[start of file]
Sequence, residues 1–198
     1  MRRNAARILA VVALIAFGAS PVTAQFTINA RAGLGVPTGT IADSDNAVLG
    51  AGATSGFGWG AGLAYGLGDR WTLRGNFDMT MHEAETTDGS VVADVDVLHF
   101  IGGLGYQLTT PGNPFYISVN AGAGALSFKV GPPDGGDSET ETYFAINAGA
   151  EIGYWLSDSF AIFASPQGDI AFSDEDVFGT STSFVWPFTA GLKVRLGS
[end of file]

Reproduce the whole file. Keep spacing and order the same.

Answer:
Sequence, residues 1–198
     1  MRRNAARILA VVALIAFGAS PVTAQFTINA RAGLGVPTGT IADSDNAVLG
    51  AGATSGFGWG AGLAYGLGDR WTLRGNFDMT MHEAETTDGS VVADVDVLHF
   101  IGGLGYQLTT PGNPFYISVN AGAGALSFKV GPPDGGDSET ETYFAINAGA
   151  EIGYWLSDSF AIFASPQGDI AFSDEDVFGT STSFVWPFTA GLKVRLGS